When abdominal pain woke her from sleep one morning in August 2010, Andrea Sherman’s first thought was that she had eaten something bad. As a precaution, the first-time expectant mother from Danvers called her OB/GYN at North Shore Physicians Group, who suggested she pay a visit to the NSMC Birthplace. As Sherman prepared for what she hoped would be a routine check-up, her husband, Jonathan, packed a bag, just in case.
That decision proved prescient. Less than 12 hours later, Sherman gave birth to a daughter, Paige, who arrived eight weeks early weighing 4 lbs., 6 oz. “I was shell-shocked,” Sherman recalls. “My pregnancy had been healthy and uneventful, so it never occurred to me that I could be in labor.”
Paige was immediately transferred to NSMC’s Special Care Nursery, located on the Salem Campus, where physicians and nurses worked to stabilize her, placing a central line through her umbilicus to provide fluids and nutrition and a tube in her nose for oxygen. The next days and weeks were full of ups and downs. In addition to requiring nutritional and respiratory support, Paige was restless and agitated. Three days after she was born, she developed pneumonia, a common but serious risk in babies born prematurely.
“The days after Paige was born were terrifying,” says Sherman. “We were heartbroken that this child we had brought into the world was suffering, and we would have done anything to make her feel better.” The Shermans are one of 1,100 families served each year by NSMC’s Special Care Nursery, which is the centerpiece of the hospital’s neonatology program
“Infants in the Special Care Nursery are some of our most fragile and vulnerable patients,” says Sanjay Aurora, M.D., Chief of Newborn Medicine. “In addition to immediate health needs, these babies face potential long-term complications such as respiratory disorders, blindness, and learning disabilities.
To better serve these patients, NSMC is planning an expansion and renovation of the Special Care Nursery, another step in the hospital’s ongoing enhancement of its inpatient experience. The planned first step is a doubling of the unit size to accommodate 12 high-risk infants and creating a more spacious, private and peaceful environment for babies and their families.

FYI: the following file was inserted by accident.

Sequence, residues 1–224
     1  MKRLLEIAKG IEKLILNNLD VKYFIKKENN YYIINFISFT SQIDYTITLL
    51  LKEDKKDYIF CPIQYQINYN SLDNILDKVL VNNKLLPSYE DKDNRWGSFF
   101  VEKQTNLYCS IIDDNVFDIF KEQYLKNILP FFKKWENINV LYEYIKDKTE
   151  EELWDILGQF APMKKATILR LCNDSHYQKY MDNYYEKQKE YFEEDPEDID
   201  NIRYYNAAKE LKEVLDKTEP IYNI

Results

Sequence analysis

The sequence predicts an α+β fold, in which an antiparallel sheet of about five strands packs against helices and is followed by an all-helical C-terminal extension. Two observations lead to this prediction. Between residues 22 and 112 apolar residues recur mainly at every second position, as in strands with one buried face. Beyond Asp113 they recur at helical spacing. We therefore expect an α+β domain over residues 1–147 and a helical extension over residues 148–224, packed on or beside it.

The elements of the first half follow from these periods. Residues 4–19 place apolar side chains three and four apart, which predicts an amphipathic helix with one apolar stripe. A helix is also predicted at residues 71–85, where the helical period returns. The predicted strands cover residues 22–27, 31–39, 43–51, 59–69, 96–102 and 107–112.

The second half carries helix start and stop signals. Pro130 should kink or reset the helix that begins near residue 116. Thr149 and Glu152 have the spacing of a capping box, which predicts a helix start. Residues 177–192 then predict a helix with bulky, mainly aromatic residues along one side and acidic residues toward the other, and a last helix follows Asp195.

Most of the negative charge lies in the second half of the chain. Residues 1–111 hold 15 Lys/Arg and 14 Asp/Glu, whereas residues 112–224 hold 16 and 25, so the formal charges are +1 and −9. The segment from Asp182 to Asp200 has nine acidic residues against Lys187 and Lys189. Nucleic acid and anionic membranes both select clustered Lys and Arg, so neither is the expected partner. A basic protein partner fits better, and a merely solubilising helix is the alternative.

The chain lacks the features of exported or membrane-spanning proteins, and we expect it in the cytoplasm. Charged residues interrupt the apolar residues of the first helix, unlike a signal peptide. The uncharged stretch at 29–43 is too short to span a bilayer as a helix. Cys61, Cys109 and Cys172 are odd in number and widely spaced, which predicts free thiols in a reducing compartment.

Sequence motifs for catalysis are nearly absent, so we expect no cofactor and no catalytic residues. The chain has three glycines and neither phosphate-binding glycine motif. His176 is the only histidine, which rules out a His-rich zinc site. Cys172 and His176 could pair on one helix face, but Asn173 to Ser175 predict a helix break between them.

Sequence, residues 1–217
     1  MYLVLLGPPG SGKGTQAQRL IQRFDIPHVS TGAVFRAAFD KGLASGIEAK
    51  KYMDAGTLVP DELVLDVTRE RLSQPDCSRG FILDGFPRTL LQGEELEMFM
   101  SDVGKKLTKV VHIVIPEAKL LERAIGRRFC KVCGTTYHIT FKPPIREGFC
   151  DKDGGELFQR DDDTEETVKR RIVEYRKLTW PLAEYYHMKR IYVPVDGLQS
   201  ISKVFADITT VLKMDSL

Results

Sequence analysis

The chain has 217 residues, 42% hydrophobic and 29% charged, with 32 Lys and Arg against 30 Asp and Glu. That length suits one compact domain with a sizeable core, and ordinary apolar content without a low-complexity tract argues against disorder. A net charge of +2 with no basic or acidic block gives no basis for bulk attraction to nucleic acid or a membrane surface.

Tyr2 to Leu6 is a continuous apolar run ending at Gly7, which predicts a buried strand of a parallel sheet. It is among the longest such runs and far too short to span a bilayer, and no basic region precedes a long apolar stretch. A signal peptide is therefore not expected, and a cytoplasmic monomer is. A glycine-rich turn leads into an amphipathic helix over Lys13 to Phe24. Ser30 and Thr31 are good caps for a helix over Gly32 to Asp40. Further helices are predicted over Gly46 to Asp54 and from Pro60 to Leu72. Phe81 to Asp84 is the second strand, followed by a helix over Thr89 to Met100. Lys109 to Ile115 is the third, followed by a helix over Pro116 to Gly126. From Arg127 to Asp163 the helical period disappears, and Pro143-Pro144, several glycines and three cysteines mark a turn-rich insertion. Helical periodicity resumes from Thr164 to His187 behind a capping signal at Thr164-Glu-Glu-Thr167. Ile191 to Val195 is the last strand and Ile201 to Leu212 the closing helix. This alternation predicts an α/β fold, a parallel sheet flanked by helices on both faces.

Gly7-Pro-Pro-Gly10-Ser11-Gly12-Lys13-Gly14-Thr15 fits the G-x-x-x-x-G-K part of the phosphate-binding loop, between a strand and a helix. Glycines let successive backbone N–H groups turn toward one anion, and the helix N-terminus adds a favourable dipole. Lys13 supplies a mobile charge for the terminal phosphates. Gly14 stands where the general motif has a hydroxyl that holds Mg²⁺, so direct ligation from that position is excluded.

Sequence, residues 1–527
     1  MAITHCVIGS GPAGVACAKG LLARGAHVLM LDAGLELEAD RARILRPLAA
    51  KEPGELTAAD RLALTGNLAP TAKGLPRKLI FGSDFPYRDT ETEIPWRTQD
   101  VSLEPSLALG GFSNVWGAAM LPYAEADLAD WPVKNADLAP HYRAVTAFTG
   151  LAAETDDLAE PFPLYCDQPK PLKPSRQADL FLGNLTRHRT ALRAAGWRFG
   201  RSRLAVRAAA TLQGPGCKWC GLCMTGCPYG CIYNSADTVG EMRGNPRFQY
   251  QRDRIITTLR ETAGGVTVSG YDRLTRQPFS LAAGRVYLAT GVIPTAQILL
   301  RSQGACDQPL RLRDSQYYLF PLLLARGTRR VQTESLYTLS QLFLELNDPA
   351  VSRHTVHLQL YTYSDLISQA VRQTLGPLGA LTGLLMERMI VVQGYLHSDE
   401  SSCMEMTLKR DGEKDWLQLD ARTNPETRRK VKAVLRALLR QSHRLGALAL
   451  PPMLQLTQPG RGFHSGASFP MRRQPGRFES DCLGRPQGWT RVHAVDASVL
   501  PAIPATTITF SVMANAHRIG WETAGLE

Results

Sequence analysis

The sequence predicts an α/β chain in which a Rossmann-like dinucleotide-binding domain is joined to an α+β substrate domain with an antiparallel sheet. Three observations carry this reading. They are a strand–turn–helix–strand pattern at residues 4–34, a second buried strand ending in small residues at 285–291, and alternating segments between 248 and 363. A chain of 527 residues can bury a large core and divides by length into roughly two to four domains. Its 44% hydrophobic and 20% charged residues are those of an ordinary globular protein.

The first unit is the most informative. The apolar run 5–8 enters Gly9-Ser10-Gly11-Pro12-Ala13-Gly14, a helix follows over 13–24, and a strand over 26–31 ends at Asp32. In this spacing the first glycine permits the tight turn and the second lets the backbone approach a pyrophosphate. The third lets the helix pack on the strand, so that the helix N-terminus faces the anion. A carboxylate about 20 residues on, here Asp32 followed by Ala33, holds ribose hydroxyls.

“Our current facilities allow very limited space between babies,” notes Dr. Aurora. “Despite the high satisfaction scores we receive from families, one thing we hear over and over is that they wish we had more space. Our new facility will respond to these needs, including space to allow some mothers to sleep at their baby’s bedside.”
The renovated nursery also will include a waiting room for families and additional space for physician-family consultation, formula and breast feeding or patient education. Enhanced lighting and sound control will add to a more calming environment. A centralized bedside monitoring system and a pneumatic tube station will facilitate faster and more accurate delivery of care.
“A premature birth is an emotionally difficult time for families,” says NSMC neonatal nurse Suzanne Nevins, R.N. “The proposed changes to the Special Care Nursery will help us alleviate some of that stress and smooth the transition from hospital to home.” Two years after Paige’s birth, life for the Shermans is “blessedly chaotic.” Paige is an active toddler who enjoys dancing, coloring and planting kisses on her new sister, Brynn, who was born at NSMC Salem Hospital this past July—a week after her due date.
“Looking back, Paige’s birth was the happiest saddest time of my life,” says Sherman. “It wasn’t the way it was supposed to be, but thanks to the expert and loving care we received at NSMC it turned out beautifully.”